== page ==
Android tablets and Chromebooks are on another crash course

Android tablets and Chromebooks are on another crash course

While it’s up to the market to prove (or disprove) Google’s belief that Android Tablets are the “future of computing,” the other big obstacle comes from within the company. Chromebooks can very much compete for that mantle, with Android and ChromeOS once again converging in functionality and use case. 

Google’s recent and ongoing tablet push is born out of the belief that the form factor is ready for something more than content consumption. The company said it started seeing large screen tablet sales grow in the second half of 2019 and that continued as a result of COVID-19. In fact, the possibility of the form factor eventually overtaking laptops is something Google has explicitly raised.

Google is particularly keen on stylus-first applications, as well as large (touch)screens that are not “physically connected to a keyboard” resulting in unforeseen use cases. It wants to position Android to best serve that growth, especially in productivity and creativity, which has more than a whiff of chasing the iPad.

To do so, Google released Android 12L as a release dedicated to improving the large screen experience, and continued that push in Android 13. This involved optimizing various parts of the OS with dual-column UIs that take advantage of the available real estate, and improving multitasking with easier split screening and a taskbar. Meanwhile, there’s a heavy push to encourage developers to optimize their apps for tablets and foldables, with first-party Google clients doing the same.

This push looks to be coming at the expense of Chromebook tablets, which Google in 2020 looked to be seriously investing and finding success in. After a false start with the Pixel Slate, the Lenovo IdeaPad Duet and devices from other brands looked to be a success by being highly affordable. The other big factor was meaningful updates to ChromeOS like modernizing ChromeOS split-screening, multitasking, and introducing larger touch elements. This was all in service of offering a better touch (sans keyboard) experience. 

However, this momentum passed and the last notable ChromeOS tablet was announced back in February. The operating system still offers a fine tablet experience, but it’s starting to lag and borders on being the bare minimum needed to be competitive. Compared to Android, it’s missing a polish and fluidity that’s set to only get better with the Pixel Tablet, and future Android devices are blessed with Google’s current attention.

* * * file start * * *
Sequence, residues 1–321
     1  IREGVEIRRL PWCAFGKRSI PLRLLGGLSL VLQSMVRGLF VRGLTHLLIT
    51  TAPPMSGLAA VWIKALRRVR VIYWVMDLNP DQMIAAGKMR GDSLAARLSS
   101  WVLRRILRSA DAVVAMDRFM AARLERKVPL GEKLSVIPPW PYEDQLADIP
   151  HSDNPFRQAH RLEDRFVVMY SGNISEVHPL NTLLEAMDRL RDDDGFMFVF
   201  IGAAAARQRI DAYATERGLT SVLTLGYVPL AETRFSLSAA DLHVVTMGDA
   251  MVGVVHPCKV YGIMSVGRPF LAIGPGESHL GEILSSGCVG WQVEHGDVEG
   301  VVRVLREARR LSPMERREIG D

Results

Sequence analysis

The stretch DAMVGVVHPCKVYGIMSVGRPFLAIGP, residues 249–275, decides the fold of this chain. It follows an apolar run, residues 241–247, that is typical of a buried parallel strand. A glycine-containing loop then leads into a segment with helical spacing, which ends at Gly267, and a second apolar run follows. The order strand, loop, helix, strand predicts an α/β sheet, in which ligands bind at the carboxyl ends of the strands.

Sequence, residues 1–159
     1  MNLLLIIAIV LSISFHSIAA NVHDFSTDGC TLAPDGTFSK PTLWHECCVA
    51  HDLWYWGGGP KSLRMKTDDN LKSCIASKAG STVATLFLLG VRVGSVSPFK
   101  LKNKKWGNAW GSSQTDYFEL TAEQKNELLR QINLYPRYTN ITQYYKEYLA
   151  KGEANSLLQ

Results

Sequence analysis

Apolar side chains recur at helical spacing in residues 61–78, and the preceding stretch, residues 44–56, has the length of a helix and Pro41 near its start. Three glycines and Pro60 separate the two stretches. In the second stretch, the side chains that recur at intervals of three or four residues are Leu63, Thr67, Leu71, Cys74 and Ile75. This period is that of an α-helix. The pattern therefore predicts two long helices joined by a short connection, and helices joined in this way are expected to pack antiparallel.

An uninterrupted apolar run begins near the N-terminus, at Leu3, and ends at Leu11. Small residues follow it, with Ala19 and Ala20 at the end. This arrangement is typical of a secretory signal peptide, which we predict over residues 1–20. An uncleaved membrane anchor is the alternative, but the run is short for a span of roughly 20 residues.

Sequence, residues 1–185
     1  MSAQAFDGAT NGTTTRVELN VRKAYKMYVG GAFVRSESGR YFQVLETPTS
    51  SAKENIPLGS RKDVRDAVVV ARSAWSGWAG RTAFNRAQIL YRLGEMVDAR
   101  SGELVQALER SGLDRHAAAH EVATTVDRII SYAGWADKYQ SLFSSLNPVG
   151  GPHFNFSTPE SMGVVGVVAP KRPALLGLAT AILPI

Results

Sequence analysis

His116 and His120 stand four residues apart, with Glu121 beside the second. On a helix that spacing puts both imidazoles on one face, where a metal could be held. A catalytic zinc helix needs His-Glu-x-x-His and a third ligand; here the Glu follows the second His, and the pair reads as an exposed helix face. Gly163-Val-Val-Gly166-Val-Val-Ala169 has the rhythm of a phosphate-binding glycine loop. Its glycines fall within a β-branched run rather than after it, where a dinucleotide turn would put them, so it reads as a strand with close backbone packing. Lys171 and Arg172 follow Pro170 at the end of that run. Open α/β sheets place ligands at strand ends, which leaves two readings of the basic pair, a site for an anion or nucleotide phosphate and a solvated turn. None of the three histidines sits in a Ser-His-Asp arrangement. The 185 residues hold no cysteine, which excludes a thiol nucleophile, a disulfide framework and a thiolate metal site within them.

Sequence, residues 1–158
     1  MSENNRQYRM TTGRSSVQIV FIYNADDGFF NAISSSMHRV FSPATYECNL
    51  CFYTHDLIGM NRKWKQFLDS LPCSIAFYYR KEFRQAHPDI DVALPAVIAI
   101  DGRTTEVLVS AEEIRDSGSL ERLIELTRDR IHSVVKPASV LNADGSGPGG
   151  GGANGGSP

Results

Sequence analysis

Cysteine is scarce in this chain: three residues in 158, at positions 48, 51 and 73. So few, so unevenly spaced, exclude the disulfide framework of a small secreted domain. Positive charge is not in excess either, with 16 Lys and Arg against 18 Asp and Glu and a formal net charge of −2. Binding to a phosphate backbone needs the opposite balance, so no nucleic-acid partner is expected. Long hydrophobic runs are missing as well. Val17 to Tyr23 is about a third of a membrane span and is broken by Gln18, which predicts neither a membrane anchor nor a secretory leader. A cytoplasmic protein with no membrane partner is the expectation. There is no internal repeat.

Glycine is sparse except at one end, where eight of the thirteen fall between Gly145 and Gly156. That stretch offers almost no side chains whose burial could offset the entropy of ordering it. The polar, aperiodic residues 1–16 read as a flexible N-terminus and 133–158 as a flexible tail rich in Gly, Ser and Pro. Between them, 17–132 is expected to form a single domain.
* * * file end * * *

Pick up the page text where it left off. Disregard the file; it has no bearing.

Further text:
Assuming the Android Tablet push stops at touchscreen-only devices without permanently affixed keyboards, the lines between Android and ChromeOS might make sense. However, Android 13 QPR2, which will presumably launch on the Pixel Tablet, features renewed work on a desktop mode. It’s possible that it is meant primarily for touch and stylus interaction, but windowing has historically been the domain of cursors rather than direct finger interactions. 

Meanwhile, we can’t forget how an apparent prerequisite of “pro” tablets these days are keyboard accessories that provide a better typing experience and replicate the laptop form factor. In fact, Google is well aware of the growing “keyboard attach rate.”

With that in mind, the distinction between Android Tablets that feature detachable keyboards and Chromebooks is quite blurry.

The last time this happened was Andromeda. In 2015, the Wall Street Journal reported (and several other publications confirmed) that ChromeOS would be merged into Android and that the latter would expand to laptop and desktop form factors. A preview was expected at I/O 2016 with a launch in 2017, and a Pixel laptop running Android was rumored.

Reporting at the time said one reason for this was a desire to “reduce the number of independent platforms it has to maintain.” That unification is particularly timely now as Google is cost cutting and consolidating.

Whether Google needs two different operating systems that fundamentally have different cores is still a worthy question. Of course, this never came to be and – as discussed – it seemed that ChromeOS was encroaching on Android tablets for a time. 

The pendulum has now swung in the other direction. The most recent ChromeOS push has been towards Gaming Chromebooks, with tablets having fallen by the wayside if anything and CES 2023 serving as an opportunity to see what OS wins out on new tablets.

Having Chromebooks specialize might be a good differentiator, but the affordable mid-range is what actually sells, and what Google very much wants to control.

Trying to win the bigger-than-a-smartphone space with two distinct approaches is something that Apple also finds itself in, and Google’s seeming forte, though that’s changing as of late. ChromeOS has the advantage of the desktop-class browser, while Android Tablets currently have the institutional investment. Having two approaches with ill-defined distinction might be fine for now, but Google looking to the galaxies once more would not be too surprising down the road.

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